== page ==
# How to Measure Torque Required for motor to spin a rotating shaft?

• Scott 33
In summary, the speaker has connected a motor from a cordless drill to rotate a shaft through a belt, but the motor is drawing 15 Amps and the power supply cannot go higher. The speaker suspects that the torque required to maintain constant speed is causing the high current draw, but the shaft only has ball bearings and is situated vertically. The speaker needs to figure out how to measure the torque required to spin the shaft and the best way to measure the torque/current relationship for the motor. They may need to consider the deformation of the belt as a factor in the torque measurement. f

#### Scott 33

I've harvested a motor from a cordless drill and connected it to a belt which turns a rotating shaft. The motor pulley and the pulley on the other side of the belt are roughly the same size, which a fairly small radius (5 mm maybe?).

The issue I'm running into, which I don't fully understand, is that the motor is drawing 15 Amps while spinning the shaft at a constant 600 RPMs. My power supply won't go higher than 15 Amps, so I'm unable to increase the speed. This amount of current draw seems very high given that the shaft is rotating at constant speed?

Note that I measured the no load current of the motor to be about 2 Amps. Without load, I have no problem increasing the voltage to the motor, and thus increasing the speed.

This would lead me to believe that the torque required to maintain constant speed of the rotating shaft is causing the high current draw, but the shaft is only connected to ball bearings and seems fairly easy to turn when I turn it by hand. In addition, it's situated vertically, so friction of the ball bearings should be the only force slowing it down?

So, I need to figure out if the shaft really does take a lot of torque to spin or if the motor, for whatever reason, can't handle very much torque (which would be surprising since it came from a cordless drill).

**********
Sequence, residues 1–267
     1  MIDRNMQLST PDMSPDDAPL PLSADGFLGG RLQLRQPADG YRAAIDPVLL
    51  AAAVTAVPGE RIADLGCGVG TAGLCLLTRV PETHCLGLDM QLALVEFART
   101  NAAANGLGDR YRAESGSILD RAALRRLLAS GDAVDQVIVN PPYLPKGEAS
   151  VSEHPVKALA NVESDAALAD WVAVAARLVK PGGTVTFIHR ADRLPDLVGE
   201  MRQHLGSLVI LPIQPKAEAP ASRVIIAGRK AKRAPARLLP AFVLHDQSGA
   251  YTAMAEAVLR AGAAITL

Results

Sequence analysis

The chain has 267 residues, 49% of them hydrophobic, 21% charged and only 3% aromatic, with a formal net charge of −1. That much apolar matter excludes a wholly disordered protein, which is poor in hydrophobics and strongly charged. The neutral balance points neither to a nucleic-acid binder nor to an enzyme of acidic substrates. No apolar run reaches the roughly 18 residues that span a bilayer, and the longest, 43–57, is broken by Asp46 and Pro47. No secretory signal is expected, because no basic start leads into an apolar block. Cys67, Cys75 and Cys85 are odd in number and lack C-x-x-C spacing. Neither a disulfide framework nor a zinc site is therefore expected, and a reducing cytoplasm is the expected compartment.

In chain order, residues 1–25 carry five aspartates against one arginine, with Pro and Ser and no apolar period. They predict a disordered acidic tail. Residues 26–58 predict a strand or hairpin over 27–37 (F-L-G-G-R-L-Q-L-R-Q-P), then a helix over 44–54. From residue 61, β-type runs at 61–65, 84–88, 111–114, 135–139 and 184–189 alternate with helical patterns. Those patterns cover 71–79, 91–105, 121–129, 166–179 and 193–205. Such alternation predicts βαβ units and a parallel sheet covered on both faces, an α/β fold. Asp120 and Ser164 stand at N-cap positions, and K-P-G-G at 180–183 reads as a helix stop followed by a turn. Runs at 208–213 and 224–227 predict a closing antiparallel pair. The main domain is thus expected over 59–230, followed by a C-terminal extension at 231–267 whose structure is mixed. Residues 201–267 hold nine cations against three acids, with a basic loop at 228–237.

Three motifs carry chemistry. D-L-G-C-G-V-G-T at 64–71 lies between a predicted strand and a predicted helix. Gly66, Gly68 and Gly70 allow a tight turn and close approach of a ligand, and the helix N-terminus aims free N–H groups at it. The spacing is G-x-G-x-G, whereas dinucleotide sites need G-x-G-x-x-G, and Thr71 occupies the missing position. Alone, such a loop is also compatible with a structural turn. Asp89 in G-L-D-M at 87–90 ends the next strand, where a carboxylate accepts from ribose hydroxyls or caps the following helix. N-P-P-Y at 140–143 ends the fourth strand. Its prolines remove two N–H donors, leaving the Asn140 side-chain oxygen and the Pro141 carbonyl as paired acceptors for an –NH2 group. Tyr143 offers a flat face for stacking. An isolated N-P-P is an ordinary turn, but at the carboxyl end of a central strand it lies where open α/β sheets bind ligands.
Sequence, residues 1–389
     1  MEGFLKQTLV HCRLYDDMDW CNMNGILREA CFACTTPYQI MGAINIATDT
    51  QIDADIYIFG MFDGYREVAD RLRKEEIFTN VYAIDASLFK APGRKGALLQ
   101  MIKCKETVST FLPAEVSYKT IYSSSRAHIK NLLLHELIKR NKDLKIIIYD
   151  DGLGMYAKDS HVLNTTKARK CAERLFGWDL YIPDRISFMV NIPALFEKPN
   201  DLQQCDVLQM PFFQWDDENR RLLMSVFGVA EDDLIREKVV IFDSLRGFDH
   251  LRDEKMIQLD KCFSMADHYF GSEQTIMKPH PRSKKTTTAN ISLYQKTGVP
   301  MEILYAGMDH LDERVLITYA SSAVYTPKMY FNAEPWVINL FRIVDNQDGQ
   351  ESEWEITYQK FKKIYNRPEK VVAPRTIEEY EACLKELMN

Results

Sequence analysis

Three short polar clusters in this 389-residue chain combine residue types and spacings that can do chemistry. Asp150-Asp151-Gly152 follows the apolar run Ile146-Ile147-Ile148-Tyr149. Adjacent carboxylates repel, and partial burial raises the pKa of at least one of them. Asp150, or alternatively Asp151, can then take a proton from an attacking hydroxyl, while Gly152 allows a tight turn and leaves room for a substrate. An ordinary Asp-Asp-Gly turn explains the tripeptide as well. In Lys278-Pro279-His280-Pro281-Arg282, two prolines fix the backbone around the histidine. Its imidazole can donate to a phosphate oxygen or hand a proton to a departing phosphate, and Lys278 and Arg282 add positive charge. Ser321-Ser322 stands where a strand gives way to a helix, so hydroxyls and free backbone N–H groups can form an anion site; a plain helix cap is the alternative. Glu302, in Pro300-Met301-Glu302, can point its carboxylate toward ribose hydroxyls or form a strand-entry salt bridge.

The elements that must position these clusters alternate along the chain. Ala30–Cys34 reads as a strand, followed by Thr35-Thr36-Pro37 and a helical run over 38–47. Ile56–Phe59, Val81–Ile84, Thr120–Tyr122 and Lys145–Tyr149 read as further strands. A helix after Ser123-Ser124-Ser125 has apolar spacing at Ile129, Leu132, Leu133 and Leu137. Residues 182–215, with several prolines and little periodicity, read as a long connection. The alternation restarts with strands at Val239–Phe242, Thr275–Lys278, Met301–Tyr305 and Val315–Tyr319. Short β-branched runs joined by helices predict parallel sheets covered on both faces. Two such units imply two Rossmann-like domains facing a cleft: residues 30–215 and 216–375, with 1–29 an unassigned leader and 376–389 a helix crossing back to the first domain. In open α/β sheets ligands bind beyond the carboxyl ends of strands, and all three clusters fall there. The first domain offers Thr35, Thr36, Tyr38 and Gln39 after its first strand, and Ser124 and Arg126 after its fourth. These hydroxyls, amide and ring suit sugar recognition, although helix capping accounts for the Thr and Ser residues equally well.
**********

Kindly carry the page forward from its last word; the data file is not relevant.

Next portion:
1. How would I measure the torque required to keep the shaft spinning at constant speed through the belt?

And/Or:

2. What's the best way to measure the torque/current relationship for the motor? How would I apply different amounts of torque to the motor in order to take the necessary data points?

Thanks for the help!

Welcome to PF.

It sounds like you can just measure the torque with a torque wrench. If you are operating at a constant angular speed, then that's not much different from just turning the shaft with a torque wrench. You just need to figure out how to couple your torque wrench to the shaft to get the reading when you turn the shaft by hand with the wrench.

Keep in mind, though, that a cordless drill's bearings are designed to handle thrust forces, not radial forces (perpendicular to the axis of rotation):

BTW, can you post a drawing or a picture of the setup? You can use "Attach files" at the lower left of the Edit window to upload a PDF or JPEG file.

There is a good possibility most of the torque is being used to deform the belt, especially if the belt has any appreciable thickness. That 5mm radius is a pretty sharp bend for all but a urethane film belt, a small bead chain, or a small roller chain.

To measure the torque you can use a spring scale (or similiar) attached to the handle of the drill. Or maybe you can put a bathroom scale under the drill handle to measure the force. In any case, you will be measuring how much force is needed to keep the drill handle from spinning around.

You then measure the distance from the spin axis, or centerline, of the chuck to where the scale is attached. The torque is the product of the measured distance and the scale reading.

Cheers,
Tom

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